Apple Says DOJ’s E-Book Remedies Are Biased in Amazon’s Favor
Apple has long maintained that the proposed remedies in the U.S. Department of Justice’s e-book price-fixing case against it are heavy-handed, lambasting them as “wildly out of proportion to any adjudicated wrongdoing or potential harm.” And the DOJ’s recent revision of those remedies hasn’t much changed that position.
In a court filing released Monday, Apple berated the DOJ once again, calling its revised proposed remedies a “broadside masquerading as a brief” and a “transparent attempt to attack the credibility of Apple and its counsel, and obtain an injunction wildly out of proportion to the issues and evidence in the case.” And it asked the presiding court to order the DOJ to withdraw it and submit a new one that hews to issues it claims were actually adjudicated in court.
According to Apple, the DOJ’s brief is predicated on arguments it ultimately abandoned at trial, and materials that never made it into evidence. And it is the company’s view that it is biased in favor of Amazon.
“Plaintiffs devote much of their brief to seeking to justify an injunction directed at Apple’s unilateral dealings with Amazon (and other e-book retailers) in its App Store, an issue that the plaintiffs did not pursue at trial. Plaintiffs are seeking a remedy that would give Amazon significant competitive advantage over Apple — an advantage it is neither entitled to nor deserves.”
Apple’s issue here is with the DOJ’s demand that it allow rival e-book retailers like Amazon and Barnes & Noble to provide links from their e-book apps to their own e-bookstores without paying any fee or commission to Apple on sales made through them. It’s vehemently opposed to that and pretty much any remedy that affects the way it runs the App Store.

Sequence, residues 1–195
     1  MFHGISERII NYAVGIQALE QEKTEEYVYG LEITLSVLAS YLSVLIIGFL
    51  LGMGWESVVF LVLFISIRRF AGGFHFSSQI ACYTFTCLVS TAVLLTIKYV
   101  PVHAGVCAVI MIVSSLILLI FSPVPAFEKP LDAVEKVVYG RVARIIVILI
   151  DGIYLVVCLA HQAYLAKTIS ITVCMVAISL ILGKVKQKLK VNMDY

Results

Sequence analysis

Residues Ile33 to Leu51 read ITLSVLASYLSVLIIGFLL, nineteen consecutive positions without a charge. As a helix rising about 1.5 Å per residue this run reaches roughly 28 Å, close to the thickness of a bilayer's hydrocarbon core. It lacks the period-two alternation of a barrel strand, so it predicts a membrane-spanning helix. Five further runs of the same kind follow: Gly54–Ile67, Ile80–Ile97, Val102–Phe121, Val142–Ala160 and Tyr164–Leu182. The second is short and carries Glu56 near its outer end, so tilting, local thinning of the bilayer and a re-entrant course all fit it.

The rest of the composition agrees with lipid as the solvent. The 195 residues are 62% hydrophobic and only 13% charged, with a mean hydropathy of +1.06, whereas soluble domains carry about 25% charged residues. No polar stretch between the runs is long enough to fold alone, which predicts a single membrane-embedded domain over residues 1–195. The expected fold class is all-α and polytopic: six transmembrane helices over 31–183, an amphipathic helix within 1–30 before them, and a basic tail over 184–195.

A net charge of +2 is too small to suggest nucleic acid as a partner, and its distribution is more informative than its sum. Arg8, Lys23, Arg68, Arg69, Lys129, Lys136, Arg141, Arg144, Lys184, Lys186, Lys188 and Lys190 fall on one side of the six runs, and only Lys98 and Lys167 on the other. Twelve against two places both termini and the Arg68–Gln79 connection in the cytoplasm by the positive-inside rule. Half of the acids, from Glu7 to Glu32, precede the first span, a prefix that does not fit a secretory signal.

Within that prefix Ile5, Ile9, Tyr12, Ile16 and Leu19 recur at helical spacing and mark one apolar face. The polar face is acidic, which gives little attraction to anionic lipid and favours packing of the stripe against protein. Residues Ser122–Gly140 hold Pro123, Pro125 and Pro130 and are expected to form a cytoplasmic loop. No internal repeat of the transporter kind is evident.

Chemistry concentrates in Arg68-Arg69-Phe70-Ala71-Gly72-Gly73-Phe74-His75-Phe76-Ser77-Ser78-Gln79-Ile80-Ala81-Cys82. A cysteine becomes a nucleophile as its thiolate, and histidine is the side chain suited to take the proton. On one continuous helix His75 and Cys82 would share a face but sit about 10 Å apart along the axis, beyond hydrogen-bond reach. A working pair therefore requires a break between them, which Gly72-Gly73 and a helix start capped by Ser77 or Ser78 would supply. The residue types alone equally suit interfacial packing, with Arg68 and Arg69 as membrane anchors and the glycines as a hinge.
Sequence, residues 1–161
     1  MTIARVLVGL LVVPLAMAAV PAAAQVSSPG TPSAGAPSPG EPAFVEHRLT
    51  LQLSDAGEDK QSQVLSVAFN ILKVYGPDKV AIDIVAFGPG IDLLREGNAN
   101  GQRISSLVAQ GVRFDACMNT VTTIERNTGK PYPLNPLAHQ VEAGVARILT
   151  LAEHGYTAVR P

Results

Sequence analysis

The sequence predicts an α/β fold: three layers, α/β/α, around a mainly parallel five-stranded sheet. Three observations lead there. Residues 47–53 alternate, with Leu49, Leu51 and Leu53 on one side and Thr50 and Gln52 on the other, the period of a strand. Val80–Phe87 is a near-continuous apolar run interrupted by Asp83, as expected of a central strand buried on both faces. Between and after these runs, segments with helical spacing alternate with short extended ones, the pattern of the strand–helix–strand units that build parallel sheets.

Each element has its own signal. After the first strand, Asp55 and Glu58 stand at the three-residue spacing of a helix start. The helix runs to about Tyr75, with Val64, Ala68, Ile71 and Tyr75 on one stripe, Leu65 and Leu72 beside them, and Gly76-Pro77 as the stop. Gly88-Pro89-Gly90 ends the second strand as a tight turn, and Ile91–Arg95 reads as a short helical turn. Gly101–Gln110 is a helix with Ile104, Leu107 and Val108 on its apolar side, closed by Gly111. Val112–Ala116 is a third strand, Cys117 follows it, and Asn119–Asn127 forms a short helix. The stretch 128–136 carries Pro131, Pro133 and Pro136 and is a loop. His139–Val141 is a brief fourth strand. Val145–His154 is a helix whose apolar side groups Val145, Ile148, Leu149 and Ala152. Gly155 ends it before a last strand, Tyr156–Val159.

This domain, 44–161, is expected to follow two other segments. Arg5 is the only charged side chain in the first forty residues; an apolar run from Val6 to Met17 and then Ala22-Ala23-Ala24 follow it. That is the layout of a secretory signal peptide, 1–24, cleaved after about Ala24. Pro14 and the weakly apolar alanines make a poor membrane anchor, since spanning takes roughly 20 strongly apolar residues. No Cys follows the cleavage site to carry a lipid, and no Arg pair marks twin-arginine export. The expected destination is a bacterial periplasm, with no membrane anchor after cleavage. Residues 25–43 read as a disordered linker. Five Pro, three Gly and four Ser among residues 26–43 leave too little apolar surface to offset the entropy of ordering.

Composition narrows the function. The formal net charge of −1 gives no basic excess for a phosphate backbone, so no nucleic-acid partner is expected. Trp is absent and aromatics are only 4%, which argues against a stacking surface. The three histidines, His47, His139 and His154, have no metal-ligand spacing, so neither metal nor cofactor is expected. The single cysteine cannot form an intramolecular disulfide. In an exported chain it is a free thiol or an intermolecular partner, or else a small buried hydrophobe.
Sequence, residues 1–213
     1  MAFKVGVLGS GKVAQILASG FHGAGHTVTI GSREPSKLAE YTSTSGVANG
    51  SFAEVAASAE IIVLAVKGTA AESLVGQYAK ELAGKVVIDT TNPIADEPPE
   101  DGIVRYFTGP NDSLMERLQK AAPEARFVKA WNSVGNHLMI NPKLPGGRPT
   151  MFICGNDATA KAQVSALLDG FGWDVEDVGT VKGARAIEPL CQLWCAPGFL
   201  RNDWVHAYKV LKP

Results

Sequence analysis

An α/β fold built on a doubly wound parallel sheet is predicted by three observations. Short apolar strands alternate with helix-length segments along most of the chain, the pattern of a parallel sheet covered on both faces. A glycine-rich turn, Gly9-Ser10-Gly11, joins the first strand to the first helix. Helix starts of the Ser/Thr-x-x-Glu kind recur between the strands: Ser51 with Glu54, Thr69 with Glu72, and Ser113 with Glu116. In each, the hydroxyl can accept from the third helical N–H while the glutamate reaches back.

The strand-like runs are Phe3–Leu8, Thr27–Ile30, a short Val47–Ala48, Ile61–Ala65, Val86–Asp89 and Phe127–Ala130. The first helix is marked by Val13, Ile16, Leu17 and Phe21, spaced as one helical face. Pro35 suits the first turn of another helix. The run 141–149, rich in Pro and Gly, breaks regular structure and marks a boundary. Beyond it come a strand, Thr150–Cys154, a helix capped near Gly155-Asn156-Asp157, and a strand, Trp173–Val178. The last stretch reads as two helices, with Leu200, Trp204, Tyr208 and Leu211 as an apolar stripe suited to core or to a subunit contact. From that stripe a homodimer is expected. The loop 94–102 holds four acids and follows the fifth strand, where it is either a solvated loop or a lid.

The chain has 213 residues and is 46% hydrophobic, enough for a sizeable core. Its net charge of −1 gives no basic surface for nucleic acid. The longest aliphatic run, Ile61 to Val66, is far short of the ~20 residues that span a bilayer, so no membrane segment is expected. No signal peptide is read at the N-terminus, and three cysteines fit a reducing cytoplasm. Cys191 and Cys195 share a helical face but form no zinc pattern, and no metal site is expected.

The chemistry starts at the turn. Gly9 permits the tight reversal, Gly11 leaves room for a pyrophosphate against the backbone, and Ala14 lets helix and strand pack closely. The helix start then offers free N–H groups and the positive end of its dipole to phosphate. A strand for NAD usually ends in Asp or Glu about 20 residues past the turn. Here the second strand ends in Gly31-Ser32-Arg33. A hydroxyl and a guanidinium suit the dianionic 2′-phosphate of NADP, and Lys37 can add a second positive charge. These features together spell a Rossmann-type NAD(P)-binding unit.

Apple is also opposed to the DOJ’s proposal for an external monitor, which it argues “exceeds the bounds of even criminal price-fixing cases.” But then it’s pretty much opposed to all the agency’s remedies, because it maintains that it never did anything illegal.
As the company wrote in a filing earlier this month, “Apple does not believe it violated the antitrust laws, and, in any event, the conduct for which the Court found it liable has ended and cannot recur as a result of the publishers’ consent decrees. In light of these facts, no further injunction is warranted.”
Apple and the DOJ are scheduled to meet Judge Denise Cote in court today to discuss the matter.
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